ASML is Europe's most valuable tech company, but lately it finds itself caught in a conflict between its commercial profits and its commitment to human rights. ASML makes the complex machines required to construct advanced microchips, and it sells many of these machines to China, where they are used to make microchips for—among other things— weapons used by the Chinese military and surveillance systems used by the Chinese state.
If the Netherlands adopted the U.S. controls, ASML and ASMI could continue most of their sales to China.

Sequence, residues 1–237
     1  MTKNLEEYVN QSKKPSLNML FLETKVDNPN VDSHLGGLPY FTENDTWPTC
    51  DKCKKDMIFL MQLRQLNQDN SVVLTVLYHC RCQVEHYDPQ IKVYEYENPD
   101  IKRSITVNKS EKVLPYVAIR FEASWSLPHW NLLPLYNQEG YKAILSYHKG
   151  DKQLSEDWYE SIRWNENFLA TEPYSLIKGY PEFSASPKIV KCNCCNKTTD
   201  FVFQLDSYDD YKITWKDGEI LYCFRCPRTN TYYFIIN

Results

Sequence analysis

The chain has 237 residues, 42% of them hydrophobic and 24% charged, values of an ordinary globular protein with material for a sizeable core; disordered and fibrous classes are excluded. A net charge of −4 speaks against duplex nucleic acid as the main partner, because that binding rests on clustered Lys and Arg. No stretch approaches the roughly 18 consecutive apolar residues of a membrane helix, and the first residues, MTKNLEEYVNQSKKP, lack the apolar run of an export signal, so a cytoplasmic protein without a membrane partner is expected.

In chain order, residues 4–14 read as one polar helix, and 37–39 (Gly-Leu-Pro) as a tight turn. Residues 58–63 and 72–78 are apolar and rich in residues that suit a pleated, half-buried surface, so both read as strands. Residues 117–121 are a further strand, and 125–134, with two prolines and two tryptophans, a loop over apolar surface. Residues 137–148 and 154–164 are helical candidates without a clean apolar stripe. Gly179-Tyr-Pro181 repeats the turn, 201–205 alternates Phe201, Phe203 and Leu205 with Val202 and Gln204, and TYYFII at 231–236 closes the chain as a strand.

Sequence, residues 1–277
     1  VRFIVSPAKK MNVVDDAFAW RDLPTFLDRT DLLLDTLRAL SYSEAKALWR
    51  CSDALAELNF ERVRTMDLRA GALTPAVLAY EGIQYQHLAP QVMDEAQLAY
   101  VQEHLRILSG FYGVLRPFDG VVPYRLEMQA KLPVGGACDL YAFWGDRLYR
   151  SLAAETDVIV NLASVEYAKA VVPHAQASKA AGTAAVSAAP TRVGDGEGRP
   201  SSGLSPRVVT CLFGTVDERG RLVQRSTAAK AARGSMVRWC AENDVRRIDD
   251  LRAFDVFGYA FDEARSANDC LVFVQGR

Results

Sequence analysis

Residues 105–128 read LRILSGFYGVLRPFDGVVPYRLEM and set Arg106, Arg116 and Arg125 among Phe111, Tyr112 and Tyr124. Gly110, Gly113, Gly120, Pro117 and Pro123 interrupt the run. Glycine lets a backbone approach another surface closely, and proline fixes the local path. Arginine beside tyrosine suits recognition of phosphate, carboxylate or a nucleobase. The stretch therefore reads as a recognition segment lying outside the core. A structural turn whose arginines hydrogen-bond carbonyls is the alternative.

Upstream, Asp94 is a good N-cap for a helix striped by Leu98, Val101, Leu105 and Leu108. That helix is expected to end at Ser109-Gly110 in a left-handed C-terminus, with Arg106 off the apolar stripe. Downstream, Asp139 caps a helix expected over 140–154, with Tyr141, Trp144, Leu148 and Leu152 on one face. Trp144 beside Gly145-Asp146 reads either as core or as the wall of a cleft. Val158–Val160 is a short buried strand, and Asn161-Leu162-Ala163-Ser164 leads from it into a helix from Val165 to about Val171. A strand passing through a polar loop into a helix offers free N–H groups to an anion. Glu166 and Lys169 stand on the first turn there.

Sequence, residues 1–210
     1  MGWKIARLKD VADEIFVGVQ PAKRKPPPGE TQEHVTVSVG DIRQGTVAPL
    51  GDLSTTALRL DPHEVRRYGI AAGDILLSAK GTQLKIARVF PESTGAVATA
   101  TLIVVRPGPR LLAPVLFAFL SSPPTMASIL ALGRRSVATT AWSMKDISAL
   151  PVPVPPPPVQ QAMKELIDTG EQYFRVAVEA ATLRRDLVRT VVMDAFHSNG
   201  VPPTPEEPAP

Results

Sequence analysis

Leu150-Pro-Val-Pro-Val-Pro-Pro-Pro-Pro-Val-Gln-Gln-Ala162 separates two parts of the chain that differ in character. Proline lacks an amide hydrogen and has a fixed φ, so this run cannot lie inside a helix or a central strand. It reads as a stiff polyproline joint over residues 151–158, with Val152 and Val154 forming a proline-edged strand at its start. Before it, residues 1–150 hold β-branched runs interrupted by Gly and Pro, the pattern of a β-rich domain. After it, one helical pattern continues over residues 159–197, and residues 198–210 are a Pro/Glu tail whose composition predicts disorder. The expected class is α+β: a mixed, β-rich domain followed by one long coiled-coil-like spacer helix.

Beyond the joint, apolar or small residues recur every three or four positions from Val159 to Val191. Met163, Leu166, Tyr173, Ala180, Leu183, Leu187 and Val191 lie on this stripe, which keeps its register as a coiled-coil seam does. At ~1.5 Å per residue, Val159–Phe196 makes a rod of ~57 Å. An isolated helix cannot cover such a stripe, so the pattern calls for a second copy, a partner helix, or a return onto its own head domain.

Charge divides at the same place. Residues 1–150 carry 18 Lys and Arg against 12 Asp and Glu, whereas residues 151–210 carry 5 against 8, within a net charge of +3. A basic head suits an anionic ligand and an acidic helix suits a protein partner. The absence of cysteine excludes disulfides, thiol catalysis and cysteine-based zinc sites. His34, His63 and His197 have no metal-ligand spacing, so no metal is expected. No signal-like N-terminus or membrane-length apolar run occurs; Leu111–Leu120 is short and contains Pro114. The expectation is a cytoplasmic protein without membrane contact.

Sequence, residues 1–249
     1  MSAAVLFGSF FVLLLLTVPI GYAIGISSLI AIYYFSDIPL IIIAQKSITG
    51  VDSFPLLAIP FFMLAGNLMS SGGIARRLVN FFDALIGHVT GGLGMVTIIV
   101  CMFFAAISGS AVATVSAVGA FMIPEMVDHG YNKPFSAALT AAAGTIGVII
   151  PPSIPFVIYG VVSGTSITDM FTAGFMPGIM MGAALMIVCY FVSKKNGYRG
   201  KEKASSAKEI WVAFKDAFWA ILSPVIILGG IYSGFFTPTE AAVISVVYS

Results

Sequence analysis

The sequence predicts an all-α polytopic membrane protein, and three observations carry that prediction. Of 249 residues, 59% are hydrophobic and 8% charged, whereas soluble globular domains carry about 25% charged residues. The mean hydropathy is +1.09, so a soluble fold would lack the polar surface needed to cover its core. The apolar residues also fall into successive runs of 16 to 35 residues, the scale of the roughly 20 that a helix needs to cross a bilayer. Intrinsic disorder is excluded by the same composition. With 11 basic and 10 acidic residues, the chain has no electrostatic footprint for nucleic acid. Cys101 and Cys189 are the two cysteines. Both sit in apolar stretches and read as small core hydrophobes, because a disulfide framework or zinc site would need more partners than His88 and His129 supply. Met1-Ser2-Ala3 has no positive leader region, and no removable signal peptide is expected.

Over the past few months, the United States has been ramping up its export controls to limit China's access to advanced microchips. After the latest round of U.S. controls fell into place in early October, much attention was paid to how they can limit China's development of military technologies, particularly nuclear weapons and hypersonic missiles. Less attention has focused on another key motivation for the controls: limiting China's extensive systemic human rights abuses.
Read the full article from RAND.
This commentary originally appeared on de Volkskrant on November 27, 2022.
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